The New York Times Screws up on Marijuana

Over the weekend, the New York Times called for an end to marijuana prohibition. The link to the editorial is here. I’m going to reprint the entire piece here and address it line by line. I believe that legalization has too many problems, but I support decriminalization. My comments are in red.


It took 13 years for the United States to come to its senses and end Prohibition, 13 years in which people kept drinking, otherwise law-abiding citizens became criminals and crime syndicates arose and flourished. The lawlessness is correct, but what people fail to discuss is that there was less drinking during prohibition, fewer accidents caused by drinking, and fewer cases of cirrhosis of the liver.  It has been more than 40 years since Congress passed the current ban on marijuana, inflicting great harm on society just to prohibit a substance far less dangerous than alcohol. I agree that marijuana is less harmful than alcohol.

The federal government should repeal the ban on marijuana.

We reached that conclusion after a great deal of discussion among the members of The Times’s Editorial Board, inspired by a rapidly growing movement among the states to reform marijuana laws.

There are no perfect answers to people’s legitimate concerns about marijuana use. Agreed. There needs to be more medical research on marijuana, which requires the Federal Government to move it from a schedule I to schedule II drug. But neither are there such answers about tobacco or alcohol, and we believe that on every level — health effects, the impact on society and law-and-order issues — the balance falls squarely on the side of national legalization. Tobacco and alcohol policy can be instructive here. Both substances are taxed, and yet the money they raise pales in comparison to the medical, criminal justice and social costs that they incur.  That will put decisions on whether to allow recreational or medicinal production and use where it belongs — at the state level.

We considered whether it would be best for Washington to hold back while the states continued experimenting with legalizing medicinal uses of marijuana, reducing penalties, or even simply legalizing all use. Nearly three-quarters of the states have done one of these.

But that would leave their citizens vulnerable to the whims of whoever happens to be in the White House and chooses to enforce or not enforce the federal law. Agreed.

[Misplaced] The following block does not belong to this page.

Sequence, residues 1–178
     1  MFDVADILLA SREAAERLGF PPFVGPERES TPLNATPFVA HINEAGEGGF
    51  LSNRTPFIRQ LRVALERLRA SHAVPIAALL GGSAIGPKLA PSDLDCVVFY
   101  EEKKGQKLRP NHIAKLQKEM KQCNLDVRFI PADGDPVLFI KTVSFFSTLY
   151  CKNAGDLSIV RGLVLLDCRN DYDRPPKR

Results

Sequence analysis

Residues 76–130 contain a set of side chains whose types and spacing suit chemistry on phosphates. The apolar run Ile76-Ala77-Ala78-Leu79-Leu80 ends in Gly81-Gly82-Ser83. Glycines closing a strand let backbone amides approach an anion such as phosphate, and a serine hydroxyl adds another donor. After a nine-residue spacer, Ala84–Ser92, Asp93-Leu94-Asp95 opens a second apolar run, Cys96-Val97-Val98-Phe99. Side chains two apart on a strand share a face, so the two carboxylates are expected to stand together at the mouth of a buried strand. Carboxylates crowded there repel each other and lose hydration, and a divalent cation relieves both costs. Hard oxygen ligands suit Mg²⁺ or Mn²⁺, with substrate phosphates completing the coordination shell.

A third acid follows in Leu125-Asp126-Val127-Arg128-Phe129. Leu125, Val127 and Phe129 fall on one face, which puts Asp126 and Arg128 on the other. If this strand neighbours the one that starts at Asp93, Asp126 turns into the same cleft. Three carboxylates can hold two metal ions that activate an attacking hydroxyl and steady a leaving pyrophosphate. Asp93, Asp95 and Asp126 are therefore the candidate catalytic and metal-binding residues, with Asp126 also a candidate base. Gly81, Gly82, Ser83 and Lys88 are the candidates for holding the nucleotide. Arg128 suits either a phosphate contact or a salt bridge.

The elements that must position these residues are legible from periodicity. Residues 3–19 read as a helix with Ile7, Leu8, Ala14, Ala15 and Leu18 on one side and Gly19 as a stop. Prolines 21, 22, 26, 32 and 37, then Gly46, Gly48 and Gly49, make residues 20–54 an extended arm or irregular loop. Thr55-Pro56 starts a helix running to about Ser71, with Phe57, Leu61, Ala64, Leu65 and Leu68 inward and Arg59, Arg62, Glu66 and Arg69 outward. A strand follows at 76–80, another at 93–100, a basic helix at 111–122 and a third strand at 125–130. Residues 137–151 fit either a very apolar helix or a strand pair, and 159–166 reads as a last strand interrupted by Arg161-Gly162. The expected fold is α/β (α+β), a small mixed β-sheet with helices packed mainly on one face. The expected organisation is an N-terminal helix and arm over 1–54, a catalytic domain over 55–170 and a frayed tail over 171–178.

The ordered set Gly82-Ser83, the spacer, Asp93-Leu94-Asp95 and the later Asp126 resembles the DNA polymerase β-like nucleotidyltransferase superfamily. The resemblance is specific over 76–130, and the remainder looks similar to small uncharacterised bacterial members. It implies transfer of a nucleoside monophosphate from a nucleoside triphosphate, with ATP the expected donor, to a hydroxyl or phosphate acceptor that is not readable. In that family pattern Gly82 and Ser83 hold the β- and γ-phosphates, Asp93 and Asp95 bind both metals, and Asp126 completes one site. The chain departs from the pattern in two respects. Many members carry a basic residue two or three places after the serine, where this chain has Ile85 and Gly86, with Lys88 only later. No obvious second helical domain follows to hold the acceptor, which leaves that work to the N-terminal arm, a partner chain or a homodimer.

The social costs of the marijuana laws are vast. Agreed. There were 658,000 arrests for marijuana possession in 2012, according to F.B.I. figures, compared with 256,000 for cocaine, heroin and their derivatives. The ironic point here is that if marijuana is legalized, the number of arrests will actually go up (underage use, intoxicated driving). Even worse, the result is racist, falling disproportionately on young black men, ruining their lives and creating new generations of career criminals. Agreed. But…when someone who is under 21 gets arrested for possessing marijuana, who do you think will get off? Who will be charged? (rich white people will get off and poor black people will be charged…so legalizing marijuana won’t change this)

There is honest debate among scientists about the health effects of marijuana, but we believe that the evidence is overwhelming that addiction and dependence are relatively minor problems (this is an irresponsible claim), especially compared with alcohol and tobacco. Moderate use of marijuana does not appear to pose a risk for otherwise healthy adults. Agreed. Claims that marijuana is a gateway to more dangerous drugs are as fanciful as the “Reefer Madness” images of murder, rape and suicide. Agreed.

There are legitimate concerns about marijuana on the development of adolescent brains. Agreed. For that reason, we advocate the prohibition of sales to people under 21. Fine, but please remember my above point regarding arresting underage users.

Creating systems for regulating manufacture, sale and marketing will be complex. But those problems are solvable, and would have long been dealt with had we as a nation not clung to the decision to make marijuana production and use a federal crime.

In coming days, we will publish articles by members of the Editorial Board and supplementary material that will examine these questions. We invite readers to offer their ideas, and we will report back on their responses, pro and con.

We recognize that this Congress is as unlikely to take action on marijuana as it has been on other big issues. But it is long past time to repeal this version of Prohibition.